By Kim Ashley
Ever since George Eastman came out with the Kodak camera and the advertising slogan, "You press the button. We do the rest," photography became the art form of the masses.
Then came the digital photography revolution in the 1990's and now, according to a recent survey, snapping photographs ranks third among preferred adult activities behind, you guessed it, having sex and dancing.
This has led some to argue that digital photography is no longer an art form since anyone can do it. Sadly, a recent story on NBC's Nightly News seems to confirm this allegation.
Exhibit A is this self-portrait, selfie, taken by a macaque monkey in Indonesia. According to the report, wildlife photographer, David Slater, spent three days hiking into the remote jungles of Sulawesi when he came across an incredibly friendly troop of crested black macaques.
One day, Slater turned his back on his camera, and one of the more inquisitive macaques started admiring himself in the reflection of the lens. Then the monkey accidentally hit the shutter button. According to Slater, "the sound got his attention so he kept pressing it. He must have taken hundreds of pictures before I could get my camera back."
"Of course," Slater offered, "most of them were out of focus."
This latter comment is small consolation to the thousands of digital photographers of the human species who struggle mightily with the new digital technology, trying to figure out all the bells and whistles and trying to understand all the jargon: ISO, white balance, matrix metering, histograms, high dynamic range, etc.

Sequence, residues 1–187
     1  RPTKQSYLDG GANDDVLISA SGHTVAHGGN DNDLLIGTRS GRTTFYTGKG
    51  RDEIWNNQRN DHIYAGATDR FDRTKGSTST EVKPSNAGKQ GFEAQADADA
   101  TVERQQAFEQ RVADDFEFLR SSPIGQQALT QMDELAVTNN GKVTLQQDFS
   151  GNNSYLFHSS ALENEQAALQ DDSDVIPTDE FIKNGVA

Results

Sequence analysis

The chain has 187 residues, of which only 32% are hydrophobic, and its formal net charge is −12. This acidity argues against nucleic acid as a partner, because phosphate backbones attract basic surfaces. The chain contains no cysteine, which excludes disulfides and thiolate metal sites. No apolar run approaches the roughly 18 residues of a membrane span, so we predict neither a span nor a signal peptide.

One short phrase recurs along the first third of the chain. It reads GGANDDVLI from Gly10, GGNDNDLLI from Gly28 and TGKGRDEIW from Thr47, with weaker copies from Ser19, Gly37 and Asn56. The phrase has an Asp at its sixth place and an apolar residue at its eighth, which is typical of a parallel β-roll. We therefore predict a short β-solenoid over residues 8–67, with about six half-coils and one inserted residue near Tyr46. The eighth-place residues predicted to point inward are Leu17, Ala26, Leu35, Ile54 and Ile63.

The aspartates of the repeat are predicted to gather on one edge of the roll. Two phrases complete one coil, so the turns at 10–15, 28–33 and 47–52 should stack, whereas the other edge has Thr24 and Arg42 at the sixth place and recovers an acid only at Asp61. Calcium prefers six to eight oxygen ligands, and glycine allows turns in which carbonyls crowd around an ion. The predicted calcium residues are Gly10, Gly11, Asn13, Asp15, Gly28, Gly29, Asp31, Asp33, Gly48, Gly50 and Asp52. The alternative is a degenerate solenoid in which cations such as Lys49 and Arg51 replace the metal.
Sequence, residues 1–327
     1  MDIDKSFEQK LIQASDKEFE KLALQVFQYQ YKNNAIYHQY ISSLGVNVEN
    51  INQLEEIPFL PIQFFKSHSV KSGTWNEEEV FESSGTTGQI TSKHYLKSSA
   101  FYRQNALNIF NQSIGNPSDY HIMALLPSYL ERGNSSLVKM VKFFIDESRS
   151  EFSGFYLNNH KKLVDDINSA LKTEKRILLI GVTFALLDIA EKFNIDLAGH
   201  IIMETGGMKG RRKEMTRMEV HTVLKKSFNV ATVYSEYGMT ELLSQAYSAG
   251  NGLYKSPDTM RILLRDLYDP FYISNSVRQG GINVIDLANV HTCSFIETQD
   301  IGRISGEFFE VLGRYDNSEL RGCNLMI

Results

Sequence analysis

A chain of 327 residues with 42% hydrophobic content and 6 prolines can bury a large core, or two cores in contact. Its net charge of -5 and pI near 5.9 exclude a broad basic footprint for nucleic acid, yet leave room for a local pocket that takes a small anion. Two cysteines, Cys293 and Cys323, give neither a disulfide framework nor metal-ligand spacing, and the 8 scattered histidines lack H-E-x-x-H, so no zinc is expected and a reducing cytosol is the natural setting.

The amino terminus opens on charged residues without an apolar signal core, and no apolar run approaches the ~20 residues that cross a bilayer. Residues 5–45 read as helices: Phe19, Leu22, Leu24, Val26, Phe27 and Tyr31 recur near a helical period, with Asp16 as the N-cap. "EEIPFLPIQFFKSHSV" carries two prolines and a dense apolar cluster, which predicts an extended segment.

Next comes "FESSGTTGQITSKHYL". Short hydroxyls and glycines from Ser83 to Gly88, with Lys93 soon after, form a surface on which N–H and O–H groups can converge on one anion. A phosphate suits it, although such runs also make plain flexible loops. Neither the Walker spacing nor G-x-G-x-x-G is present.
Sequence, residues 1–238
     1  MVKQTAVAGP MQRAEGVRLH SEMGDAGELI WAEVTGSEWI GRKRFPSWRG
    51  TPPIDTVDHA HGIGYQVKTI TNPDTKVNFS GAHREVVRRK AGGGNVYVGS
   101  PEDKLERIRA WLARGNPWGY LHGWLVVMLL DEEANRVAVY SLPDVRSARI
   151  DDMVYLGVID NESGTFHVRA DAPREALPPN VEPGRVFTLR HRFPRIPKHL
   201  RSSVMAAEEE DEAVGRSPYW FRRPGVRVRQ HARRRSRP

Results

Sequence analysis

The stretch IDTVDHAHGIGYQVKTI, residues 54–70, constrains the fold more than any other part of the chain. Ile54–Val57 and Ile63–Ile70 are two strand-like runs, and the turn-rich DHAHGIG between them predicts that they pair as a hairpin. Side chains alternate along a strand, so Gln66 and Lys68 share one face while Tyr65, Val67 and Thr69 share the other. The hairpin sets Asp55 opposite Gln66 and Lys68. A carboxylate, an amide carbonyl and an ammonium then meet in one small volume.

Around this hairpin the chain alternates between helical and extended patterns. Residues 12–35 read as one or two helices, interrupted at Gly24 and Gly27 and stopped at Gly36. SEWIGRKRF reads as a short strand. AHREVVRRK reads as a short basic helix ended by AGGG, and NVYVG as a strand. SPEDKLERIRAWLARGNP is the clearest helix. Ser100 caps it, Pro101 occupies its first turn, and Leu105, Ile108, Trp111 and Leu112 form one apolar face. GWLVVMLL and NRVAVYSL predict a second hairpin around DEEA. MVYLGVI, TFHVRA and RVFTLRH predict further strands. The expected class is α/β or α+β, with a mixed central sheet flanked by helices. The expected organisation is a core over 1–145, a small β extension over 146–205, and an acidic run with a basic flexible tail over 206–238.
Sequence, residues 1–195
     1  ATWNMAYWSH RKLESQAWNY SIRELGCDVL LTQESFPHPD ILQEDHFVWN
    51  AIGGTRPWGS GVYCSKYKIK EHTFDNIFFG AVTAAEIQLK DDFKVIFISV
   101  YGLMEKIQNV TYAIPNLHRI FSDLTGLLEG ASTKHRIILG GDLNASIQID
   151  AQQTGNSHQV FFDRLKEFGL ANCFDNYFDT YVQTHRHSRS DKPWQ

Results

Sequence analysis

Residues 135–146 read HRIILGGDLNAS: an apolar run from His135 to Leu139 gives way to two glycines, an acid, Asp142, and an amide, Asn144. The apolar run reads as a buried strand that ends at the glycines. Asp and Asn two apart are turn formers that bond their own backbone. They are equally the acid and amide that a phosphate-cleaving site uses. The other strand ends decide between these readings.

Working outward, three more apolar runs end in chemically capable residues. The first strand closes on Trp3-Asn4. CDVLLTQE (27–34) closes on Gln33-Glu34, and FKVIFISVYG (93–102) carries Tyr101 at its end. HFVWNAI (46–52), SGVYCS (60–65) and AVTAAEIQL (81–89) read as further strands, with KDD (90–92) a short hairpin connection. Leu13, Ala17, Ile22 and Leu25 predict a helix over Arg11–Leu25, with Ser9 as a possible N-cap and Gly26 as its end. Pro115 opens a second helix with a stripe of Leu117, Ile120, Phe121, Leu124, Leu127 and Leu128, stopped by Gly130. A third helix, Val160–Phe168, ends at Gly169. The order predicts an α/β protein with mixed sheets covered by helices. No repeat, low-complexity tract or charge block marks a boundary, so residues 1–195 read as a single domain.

Human photographers in fact spend thousands of dollars on the newest equipment. We join camera clubs, attend workshops, and read countless "how-to" books, for the sole purpose of getting just one compelling image. Just one image that arrests attention and that compels other humans to say, "Wow!"
In short, just one image like the one above, taken by a monkey in the remote jungles of Indonesia!
OK...let's chalk this selfie up to beginner's luck. That, at least, salvages some of our human pride.
Meanwhile, we continue our quest to learn this newest art form--digital photography--an art and a craft that's supposed to be so incredibly easy yet remains a mystery to many of us.
In the end, however, I hope we don't lose ourselves in the books, the technology, and the jargon. I hope our heads don't eclipse our hearts. And, most of all, I hope that we each get a chance to stand, for at least one moment, in the hairy feet of that Indonesian monkey and take one glorious photo for the sheer joy of it.